Rendered Fat Content

OtterSummer 8.17-Hair

Fifteen turns attention toward hair. For me it was length. For The Otter, color. The gray-heads encourage her to embrace her natural color, though most claim they have more important battles to wage. “If hair color’s the biggest controversy we have, I’m grateful,” we proclaim, though not entirely believably.

I fought a series of running skirmishes over my hair length from the time I was The Otter’s age until I was about twenty five. I spent a few years in there with a Samson complex, unwilling, perhaps unable to cut a single hair. Control over my hair length felt like the only part of my life I had any control over, and I would have been damned to forfeit that one toehold.

Coloring one’s own hair turns out to be a really complicated, full afternoon activity. It would have happened shoemaker’s elves-style overnight, but The Otter realized in the wee hours that she needed disposable latex gloves, so she had to wait until the following afternoon. After we returned with the newly purchased gloves, she disappeared into her bathroom, where she first bleached the remaining pink out of her hair. She explained that the pink, being temporary coloring, had already faded considerably in the two weeks since she’s stained it. This bleaching, she claimed, kind of sizzled her scalp, and left a bottle blond bordering on sociopathy. “I’m tough, David, I can take it,” she insisted. I snapped a picture when she asked me to, to send to The Muse, who’d returned to work that morning.

I was whipping up some dynamite pizza bianca dough while The Otter shuttled back and forth between the bathroom and her bedroom. My first peek at her new color was through the bathroom door as I reached into the utility closet there to grab the heating pad to use warming my rising pizza dough. She had colored a back lock, the rest of her hair bald blond. I was shocked! What was she doing to herself?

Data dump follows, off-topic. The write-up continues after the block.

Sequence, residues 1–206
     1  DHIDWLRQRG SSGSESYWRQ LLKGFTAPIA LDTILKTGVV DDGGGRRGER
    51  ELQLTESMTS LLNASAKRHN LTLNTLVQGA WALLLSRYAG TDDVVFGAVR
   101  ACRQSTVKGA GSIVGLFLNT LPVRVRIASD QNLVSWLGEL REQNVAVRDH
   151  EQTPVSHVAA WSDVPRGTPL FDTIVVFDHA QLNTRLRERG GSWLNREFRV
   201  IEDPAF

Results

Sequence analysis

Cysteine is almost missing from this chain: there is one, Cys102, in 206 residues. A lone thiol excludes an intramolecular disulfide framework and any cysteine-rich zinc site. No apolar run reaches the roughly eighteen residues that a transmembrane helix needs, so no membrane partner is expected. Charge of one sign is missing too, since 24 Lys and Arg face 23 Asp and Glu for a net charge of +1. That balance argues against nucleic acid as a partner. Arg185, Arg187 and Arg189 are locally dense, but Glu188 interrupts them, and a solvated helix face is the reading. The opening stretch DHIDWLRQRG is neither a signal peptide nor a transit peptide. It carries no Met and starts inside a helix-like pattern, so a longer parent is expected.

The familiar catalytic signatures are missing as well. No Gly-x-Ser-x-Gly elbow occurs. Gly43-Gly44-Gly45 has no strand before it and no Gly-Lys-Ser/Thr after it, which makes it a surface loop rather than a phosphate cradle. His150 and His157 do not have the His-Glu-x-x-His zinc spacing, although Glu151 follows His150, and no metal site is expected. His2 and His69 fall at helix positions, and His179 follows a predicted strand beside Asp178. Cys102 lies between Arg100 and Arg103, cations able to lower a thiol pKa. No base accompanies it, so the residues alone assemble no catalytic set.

Later, she used half the kitchen double sink to rinse out her toxic utensils, hair wrapped in a towel, shoulders stained magenta where her hair had rested, I supposed, while she finished the front parts. The goo ran down the drain like so much coagulating blood, and I moved everything edible further from her waste dump.

She’d promised to leave no mess, without really knowing the outcome. The grout in the tiled shower wall pretty well matched her new hair color, so I set her to work with a spray bottle of diluted bleach. It’s almost back to normal this morning. Not so The Otter. She now sports a killer iridescent magenta head of hair. She looks every bit like a comic book femme fatale, so I’m keeping her away from the knives and poisons until she settles into her role. It’s more than a little scary how her looks shifted.

I doubt that I spent as much time as The Otter did on her hair yesterday in my whole truncated decade as a teen. The Muse reflected that she chuckles to herself whenever one of the local environmental doyens holds forth about toxic pollutants from beneath clearly artificially colored fur. “I did that about twice,” The Muse admitted, “before I figured it wasn’t worth it.”

The value isn’t obvious to me, so many decades removed from my own hair revolution. Especially when this morning, The Otter refused my offer to take her out into the world where she would certainly have received an ample supply of envious and appreciative gazes. Maybe all this mad scientist secret work young women perform on their heads has little to do with gaining notoriety. Sure, her new color featured prominently in her late night Facebook posts, but nobody but our house guest, The Muse, and I are likely to see her transformation in person for a few days.

Much as I pretend to, I clearly don’t understand. It was a tremendous amount of exacting work, certainly more effort than any of the routine chores she stiff-arms as too exhausting. Yet she plans and executes with all of the diligence of a rocket scientist, engaging as if this were the most important work she will ever be called upon to do.

©2013 by David A. Schmaltz - all rights reserved

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